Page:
Think about it yourself. Think about significance in the context of what you are doing today. Are you do the kinds of things that will propel you beyond success? If not, how can you make adjustments?

As Isaacson pointed out, Franklin and Leonardo did lots of small things, any one of which might have made him famous. But both held such a larger perspective on the world that they saw the significance of their work.

Although it is of little significance, my dog loved the nice long walk.

Week links

Now You See It

Creative Capital – Not Creativity – Is What Your Brand Is Missing
The marketing world has a serious turnover problem. A recent studyrevealed that the average tenure of a marketer is 2.6 years — the shortest of any profession in the business world.

How the Mad Men lost the plot
The arrival of Facebook and Twitter appeared to threaten the advertising industry’s very existence. So what happened next?

“Hard Work, Attention to Detail,” and Paralyzing Fear: the Ups + Downs of Designing with Anxiety
Anxiety—true anxiety—is one such condition. It’s a double-edged sword: at times the self-criticism inherent with anxiety can encourage rigorous thinking. But that sort of detailed self-reflection can easily tip over into a state of perfectionism in which actually doing something can prove impossible. Like its frequent bedfellow depression, anxiety can strangle both a creative impulse and a person on a fundamental level.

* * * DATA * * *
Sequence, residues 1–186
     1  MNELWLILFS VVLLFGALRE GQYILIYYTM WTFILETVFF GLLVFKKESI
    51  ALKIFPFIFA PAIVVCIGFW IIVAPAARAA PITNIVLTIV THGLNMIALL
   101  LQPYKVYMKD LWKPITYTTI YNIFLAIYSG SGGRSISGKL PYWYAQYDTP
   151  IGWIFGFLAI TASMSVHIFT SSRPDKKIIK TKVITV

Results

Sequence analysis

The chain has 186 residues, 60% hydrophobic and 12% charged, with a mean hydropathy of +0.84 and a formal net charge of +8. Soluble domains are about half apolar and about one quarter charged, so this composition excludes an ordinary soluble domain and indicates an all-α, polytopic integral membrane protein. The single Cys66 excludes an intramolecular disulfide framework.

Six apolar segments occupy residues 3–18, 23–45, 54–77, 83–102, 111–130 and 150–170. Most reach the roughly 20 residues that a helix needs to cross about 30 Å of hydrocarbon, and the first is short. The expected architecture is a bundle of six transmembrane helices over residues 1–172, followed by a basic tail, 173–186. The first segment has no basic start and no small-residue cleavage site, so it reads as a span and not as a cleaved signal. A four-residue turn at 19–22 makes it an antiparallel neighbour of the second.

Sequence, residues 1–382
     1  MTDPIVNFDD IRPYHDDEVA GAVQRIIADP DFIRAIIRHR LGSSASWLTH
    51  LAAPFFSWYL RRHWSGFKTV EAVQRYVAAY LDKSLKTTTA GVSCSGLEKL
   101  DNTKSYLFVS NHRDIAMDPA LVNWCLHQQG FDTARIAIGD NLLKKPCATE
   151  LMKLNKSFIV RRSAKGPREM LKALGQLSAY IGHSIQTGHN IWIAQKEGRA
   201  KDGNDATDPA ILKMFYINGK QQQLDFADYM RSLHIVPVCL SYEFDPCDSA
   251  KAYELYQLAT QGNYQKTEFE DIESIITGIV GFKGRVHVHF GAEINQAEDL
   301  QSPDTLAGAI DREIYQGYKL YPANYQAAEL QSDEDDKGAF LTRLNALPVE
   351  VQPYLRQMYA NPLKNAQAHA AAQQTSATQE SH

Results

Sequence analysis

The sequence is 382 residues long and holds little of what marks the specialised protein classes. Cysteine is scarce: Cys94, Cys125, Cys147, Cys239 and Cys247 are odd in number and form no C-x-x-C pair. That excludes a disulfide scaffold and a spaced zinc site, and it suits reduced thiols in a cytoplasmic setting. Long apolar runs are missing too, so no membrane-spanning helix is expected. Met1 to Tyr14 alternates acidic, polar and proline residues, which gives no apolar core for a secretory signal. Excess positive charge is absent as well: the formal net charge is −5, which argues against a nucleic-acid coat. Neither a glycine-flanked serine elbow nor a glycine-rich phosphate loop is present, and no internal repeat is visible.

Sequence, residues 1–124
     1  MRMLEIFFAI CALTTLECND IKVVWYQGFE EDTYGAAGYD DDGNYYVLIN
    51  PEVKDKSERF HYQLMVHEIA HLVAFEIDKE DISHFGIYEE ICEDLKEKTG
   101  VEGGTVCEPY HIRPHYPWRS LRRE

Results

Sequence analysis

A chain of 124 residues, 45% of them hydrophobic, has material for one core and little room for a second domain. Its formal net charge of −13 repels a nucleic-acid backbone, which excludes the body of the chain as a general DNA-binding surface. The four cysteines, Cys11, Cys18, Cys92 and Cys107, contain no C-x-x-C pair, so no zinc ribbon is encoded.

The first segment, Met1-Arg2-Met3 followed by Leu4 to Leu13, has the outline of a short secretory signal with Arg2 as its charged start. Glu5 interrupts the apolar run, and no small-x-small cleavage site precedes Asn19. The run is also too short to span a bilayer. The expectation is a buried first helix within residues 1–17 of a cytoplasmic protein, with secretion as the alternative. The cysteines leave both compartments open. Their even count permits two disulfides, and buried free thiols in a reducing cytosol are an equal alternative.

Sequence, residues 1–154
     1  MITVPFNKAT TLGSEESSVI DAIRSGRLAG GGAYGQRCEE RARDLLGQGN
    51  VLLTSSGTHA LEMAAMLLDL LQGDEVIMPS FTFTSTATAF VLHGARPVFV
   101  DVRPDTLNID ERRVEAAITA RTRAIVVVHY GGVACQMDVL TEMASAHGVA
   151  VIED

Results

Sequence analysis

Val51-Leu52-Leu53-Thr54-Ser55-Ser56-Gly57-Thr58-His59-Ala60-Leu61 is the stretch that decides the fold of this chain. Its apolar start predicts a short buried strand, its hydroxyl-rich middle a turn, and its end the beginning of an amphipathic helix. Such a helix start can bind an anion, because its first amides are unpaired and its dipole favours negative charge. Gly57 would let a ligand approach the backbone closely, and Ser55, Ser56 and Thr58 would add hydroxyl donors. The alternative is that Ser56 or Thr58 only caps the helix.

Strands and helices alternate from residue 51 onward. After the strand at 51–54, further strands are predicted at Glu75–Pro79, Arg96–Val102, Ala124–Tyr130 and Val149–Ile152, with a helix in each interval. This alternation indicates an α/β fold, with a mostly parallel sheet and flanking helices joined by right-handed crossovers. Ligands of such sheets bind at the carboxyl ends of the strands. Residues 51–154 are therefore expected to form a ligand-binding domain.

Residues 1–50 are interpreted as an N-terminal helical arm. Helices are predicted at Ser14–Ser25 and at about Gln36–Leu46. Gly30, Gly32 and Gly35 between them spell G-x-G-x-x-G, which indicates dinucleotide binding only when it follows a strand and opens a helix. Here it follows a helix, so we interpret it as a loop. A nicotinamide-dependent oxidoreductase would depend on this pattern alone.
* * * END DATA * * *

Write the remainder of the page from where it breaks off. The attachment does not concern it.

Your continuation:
Why Ideo’s Fred Dust Thinks We Must Relearn The Art Of Dialogue
At the Fast Company Innovation Festival, Ideo exec says we can solve problems by designing new ways to talk with each other—rather than at each other.

How to influence culture

Is Efficiency Killing Brands?
Digital marketing has unleashed an obsession with efficiency and short-termism, one that’s trading long-term brand-building for short-term ROI. We’ve put the golden goose in a battery farm of scientific efficiency, and it’s killing the brand, business growth and profit.

I wrote about my favorite baseball player, Jeff Bagwell, a while back. I lauded him for his professionalism and his Stoic demeanor. Over the course of the 2017 I’ve become such a huge fan of George Springer.You can see the joy in his every movement. The Springer Dinger. Sunflower Shower. Dancing in the dugout. We don’t see this kind of exuberance enough. MVP of the 2017 World Series. Well deserved.